‘It’™s not worth it’: Canada goalie won’t bring family to Sochi

Goaltender Mike Smith doesn't want to risk his family's safety.

Lance Thomson/NHLI via Getty Images

Security is a major concern leading up to the Winter Olympics in Sochi, Russia, and Team Canada goaltender Mike Smith isn’t taking any chances.

The Phoenix Coyotes goalie told reporters Wednesday that he will not be taking his family with him to Sochi next month, saying that while he believes he will be safe, he doesn’t want to expose his wife and kids to unnecessary risk.

“They’re not gonna go. It’s not worth it,” Smith told FOX Sports Arizona’s Todd Walsh. “For myself, it’s about thinking if [my wife is] OK when I’m not with her. It’s unfortunate, but it’s just the way it is.”

He’s not the only one. US speedskater Tucker Fredricks also asked his family to stay home and not go to Sochi.

These will be the first Olympic Games for Smith, who joins fellow goalies Roberto Luongo and Carey Price on a Canadian squad favored to defend the gold medal it won in Vancouver in 2010.

“From everything I’ve heard, the Olympic village will be very secure and once we’re over there, I’m sure everything will be fine,” Smith said. “But obviously with what’s gone on there leading up to the Olympics, there’s always some concern.


“The Olympics are supposed to be an exciting time, and one that so many athletes train so hard for. When there’s that extra baggage of security concerns and other things like that, it’s obviously frustrating.”

Russian officials are hunting down three potential suicide bombers, including one believed in be in Sochi. The State Department is telling those attending the games to remain attentive to personal security. President Barack Obama and other US lawmakers also have expressed serious concerns.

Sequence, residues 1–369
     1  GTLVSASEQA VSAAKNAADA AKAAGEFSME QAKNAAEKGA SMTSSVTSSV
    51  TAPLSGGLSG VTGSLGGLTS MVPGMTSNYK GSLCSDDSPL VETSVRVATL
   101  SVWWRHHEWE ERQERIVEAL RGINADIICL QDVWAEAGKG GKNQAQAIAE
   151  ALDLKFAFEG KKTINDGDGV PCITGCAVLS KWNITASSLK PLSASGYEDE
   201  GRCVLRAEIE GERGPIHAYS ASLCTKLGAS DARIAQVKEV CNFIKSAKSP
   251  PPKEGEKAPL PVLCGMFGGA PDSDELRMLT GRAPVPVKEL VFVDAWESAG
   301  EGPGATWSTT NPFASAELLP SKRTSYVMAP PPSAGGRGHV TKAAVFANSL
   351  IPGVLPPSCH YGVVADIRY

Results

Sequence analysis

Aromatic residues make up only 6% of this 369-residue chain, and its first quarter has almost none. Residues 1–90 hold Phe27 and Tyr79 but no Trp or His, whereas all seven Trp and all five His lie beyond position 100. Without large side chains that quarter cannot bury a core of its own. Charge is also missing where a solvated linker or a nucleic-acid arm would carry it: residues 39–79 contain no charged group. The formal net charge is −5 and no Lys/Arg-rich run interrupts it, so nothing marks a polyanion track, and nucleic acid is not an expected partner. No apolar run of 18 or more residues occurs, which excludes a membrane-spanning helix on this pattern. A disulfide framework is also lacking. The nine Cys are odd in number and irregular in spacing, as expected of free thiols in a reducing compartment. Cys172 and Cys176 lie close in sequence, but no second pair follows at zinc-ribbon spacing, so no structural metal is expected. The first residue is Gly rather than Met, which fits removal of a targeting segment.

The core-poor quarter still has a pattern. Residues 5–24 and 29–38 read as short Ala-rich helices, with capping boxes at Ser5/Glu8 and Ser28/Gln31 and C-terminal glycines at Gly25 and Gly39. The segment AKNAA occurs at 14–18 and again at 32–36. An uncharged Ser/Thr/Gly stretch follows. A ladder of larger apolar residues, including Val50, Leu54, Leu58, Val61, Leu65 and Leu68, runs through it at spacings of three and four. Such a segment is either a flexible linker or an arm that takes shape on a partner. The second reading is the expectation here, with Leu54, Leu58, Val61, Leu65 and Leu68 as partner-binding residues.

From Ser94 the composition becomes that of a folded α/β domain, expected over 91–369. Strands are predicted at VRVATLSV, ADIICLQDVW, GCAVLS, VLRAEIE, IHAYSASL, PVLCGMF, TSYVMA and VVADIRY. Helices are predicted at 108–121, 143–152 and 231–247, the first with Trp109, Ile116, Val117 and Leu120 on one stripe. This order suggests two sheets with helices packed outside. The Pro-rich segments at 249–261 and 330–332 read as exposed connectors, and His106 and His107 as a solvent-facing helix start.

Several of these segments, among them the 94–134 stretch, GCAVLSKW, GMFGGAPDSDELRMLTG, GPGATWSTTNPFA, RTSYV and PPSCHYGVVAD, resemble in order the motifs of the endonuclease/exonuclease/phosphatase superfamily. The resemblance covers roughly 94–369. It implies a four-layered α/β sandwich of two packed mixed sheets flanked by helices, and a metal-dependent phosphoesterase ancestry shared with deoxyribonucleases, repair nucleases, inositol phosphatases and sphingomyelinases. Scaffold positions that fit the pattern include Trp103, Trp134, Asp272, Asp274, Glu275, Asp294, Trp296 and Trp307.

Boston Bruins head coach Claude Julien, who will serve as an assistant on the Canada staff, said earlier this week that the security issues surrounding these Olympics have definitely crossed his mind.

“Well, I don’t think you can stand here and say there’s not concerns at all [about Sochi security],” Julien said, via ESPN.com. “You don’t like seeing what’s going on but there’s no doubt that what’s happened lately is certainly — they’re trying to obviously shake us and probably in a lot of cases they are succeeding. But that is the thing that we have to do: We have to try and fight through that.”

The men’s hockey tournament is set to begin Wednesday, Feb. 12.

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The Associated Press contributed to this report.